Partners Protect Plum Creek Conservation Area for Community, Climate, and Wildlife

land on lower Kickapoo River protected for climate
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Photo by Samuel Li

LA CROSSE, WI – Local land trust Mississippi Valley Conservancy (MVC) has purchased 1,600 acres of rugged land along the lower Kickapoo River for permanent protection. The site, just north of Wauzeka in Crawford County, which includes a stretch of Plum Creek and is located on both sides of Plum Creek Road, will be known as Plum Creek Conservation Area. 

“This land acquisition was made possible by an anonymous donor who is passionate about land and water conservation in this part of Wisconsin and gave a gift – the largest we have ever received – to purchase the property. Plum Creek Conservation Area is now the largest property the Conservancy owns,” said Carol Abrahamzon, executive director of MVC. “Thanks to the generous donor and our diligent partners, the land will be protected and restored to provide natural services such as flood protection, recreation opportunities for outdoor enthusiasts, and an expanded area of connected lands that provide refuge for wildlife whose native habitats are threatened by climate change and development.”

Abrahamzon went on to explain that MVC purchased the property with a $3 million gift from the anonymous supporter, and in close collaboration with The Nature Conservancy in Wisconsin (TNC), and the Wisconsin Department of Natural Resources (WI-DNR). Another partner, the Savanna Institute, will provide planning services for the long-term restoration of the land to help MVC reach its conservation goals for the project. Additional funding from TNC, the Paul E. Stry Foundation and the John C. Bock Foundation covered the remainder of the transactional and other costs.

TNC’s Director of Land Strategy Kurt Schlimme called the project a high priority for acquisition because of its size, its proximity to other protected lands, and its prominence within TNC's Resilient and Connected Lands analysis, which comprehensively identified a network of lands and migration corridors across the United States that are best able to support plants and animals in a changing climate.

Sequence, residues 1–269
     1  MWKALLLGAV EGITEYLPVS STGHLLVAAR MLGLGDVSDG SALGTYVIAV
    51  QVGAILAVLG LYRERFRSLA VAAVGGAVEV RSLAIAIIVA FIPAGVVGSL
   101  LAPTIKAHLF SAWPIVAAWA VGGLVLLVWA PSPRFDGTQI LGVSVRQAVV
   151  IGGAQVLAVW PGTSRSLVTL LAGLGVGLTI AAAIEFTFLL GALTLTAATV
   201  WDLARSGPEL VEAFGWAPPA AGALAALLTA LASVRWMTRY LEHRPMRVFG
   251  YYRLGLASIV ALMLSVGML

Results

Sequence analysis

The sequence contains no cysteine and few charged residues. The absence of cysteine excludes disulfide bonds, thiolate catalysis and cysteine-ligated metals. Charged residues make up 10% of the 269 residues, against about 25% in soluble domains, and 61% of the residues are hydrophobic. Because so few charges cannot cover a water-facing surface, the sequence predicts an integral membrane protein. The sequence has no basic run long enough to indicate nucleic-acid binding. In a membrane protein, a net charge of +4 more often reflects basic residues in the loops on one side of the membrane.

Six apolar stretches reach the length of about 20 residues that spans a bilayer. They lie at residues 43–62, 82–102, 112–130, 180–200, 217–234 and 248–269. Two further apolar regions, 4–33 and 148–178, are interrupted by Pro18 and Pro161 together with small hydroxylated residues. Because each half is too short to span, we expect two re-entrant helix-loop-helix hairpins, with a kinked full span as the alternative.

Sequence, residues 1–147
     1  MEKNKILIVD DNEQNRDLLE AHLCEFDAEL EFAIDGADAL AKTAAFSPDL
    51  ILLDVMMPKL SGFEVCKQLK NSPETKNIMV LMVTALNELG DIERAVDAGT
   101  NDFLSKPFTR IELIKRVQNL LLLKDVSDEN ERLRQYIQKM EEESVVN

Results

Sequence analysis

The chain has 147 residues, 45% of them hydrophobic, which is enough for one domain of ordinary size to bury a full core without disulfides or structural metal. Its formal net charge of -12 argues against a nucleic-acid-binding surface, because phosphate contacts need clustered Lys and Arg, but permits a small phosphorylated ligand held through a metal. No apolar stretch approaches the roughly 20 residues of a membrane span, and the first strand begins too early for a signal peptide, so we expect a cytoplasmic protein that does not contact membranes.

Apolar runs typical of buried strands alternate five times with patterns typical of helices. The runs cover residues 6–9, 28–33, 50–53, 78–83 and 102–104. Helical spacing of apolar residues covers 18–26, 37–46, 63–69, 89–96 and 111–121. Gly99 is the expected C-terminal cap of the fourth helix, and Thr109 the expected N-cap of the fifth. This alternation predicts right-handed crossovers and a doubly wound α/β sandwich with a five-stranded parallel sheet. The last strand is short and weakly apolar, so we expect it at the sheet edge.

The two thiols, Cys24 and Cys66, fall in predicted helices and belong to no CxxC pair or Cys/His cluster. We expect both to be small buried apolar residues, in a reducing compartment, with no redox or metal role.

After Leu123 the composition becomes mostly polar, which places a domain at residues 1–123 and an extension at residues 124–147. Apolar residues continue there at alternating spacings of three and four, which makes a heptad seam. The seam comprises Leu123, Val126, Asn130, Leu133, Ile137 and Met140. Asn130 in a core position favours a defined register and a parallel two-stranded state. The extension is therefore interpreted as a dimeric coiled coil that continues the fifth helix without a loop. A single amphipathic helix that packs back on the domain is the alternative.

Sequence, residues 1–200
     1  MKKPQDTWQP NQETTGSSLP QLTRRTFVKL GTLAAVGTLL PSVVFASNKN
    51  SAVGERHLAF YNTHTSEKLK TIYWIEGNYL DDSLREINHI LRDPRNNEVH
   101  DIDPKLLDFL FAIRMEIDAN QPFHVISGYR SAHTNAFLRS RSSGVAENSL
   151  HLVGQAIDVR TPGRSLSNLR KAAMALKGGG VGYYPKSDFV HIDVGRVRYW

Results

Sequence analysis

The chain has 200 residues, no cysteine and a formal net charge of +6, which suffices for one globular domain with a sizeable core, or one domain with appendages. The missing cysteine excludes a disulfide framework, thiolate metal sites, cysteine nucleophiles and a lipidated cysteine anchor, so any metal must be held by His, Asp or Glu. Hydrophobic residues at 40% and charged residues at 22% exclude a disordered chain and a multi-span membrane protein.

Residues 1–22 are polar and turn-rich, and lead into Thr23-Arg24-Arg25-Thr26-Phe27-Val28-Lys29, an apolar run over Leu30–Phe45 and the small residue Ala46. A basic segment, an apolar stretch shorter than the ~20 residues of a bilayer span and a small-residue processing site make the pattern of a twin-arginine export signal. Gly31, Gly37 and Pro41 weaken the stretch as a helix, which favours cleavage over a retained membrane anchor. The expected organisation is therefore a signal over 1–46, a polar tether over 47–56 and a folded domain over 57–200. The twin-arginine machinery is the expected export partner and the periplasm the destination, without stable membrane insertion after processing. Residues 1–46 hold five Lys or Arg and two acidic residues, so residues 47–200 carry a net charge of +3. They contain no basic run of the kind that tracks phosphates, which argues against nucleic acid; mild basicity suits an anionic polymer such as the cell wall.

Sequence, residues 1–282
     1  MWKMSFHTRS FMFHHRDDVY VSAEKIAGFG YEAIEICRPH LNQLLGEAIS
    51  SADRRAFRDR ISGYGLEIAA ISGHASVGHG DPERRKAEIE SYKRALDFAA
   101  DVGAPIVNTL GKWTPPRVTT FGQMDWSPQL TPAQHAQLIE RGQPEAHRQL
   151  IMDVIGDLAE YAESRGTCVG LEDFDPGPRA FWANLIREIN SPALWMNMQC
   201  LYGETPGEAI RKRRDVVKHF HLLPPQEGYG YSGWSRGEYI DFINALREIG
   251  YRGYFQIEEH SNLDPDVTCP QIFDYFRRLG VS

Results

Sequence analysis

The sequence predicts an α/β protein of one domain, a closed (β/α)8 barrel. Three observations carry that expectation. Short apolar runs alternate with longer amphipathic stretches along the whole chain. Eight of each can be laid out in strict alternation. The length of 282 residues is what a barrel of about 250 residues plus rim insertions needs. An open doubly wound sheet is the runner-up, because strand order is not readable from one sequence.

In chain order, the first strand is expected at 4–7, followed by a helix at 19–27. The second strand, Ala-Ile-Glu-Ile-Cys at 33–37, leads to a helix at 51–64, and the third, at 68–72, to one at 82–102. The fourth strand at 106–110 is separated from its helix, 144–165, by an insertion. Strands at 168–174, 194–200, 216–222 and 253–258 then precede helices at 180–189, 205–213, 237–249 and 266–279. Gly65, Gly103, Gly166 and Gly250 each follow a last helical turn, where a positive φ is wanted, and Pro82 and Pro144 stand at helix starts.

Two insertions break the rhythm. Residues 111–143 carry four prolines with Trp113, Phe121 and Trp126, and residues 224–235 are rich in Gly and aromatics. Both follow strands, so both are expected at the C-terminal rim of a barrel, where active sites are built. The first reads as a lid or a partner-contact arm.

Craig Thompson of the WI-DNR, which has been working to find ways to conserve the land since the 1980s, said, “It's been a long time. I'm really glad to see MVC and TNC succeed in the conservation of the land. The Wisconsin Land Legacy Report describes it as ‘one of the most diverse assemblages of natural communities in the state.’ ”

The property includes over five and a half miles of frontage along the west bank of the Kickapoo River and over two miles along both banks of Plum Creek, a Class I trout stream. It is next to DNR's 1,927-acre Kickapoo Wildlife Area-Wauzeka Unit that includes the 635-acre Kickapoo Wild Woods State Natural Area. These protected areas, now enlarged by the MVC purchase, support one of the highest concentrations of rare forest-interior breeding birds in southern Wisconsin, including many considered high conservation priorities in eastern North America, Thompson said.

It may take a number of years before the property is healed and restored to its ecological health. That's the challenge that Mississippi Valley Conservancy has taken on, according to Abbie Church, MVC conservation director. She said the majority of the woodlands have a long history of grazing and the farmland offers ample opportunities to implement conservation practices. “Erosion and habitat degradation both need to be addressed,” she said. “We will be working closely with our partners at TNC and the Savanna Institute over the coming year to develop a long range plan and vision for the site to achieve conservation goals that include healthy habitats, water quality protection, and resilience to climate change. Much of land will continue to be farmed and grazed while integrating regenerative farming practices as part of the management plan. The land will continue to generate property taxes to support the local community, as it has in the past.”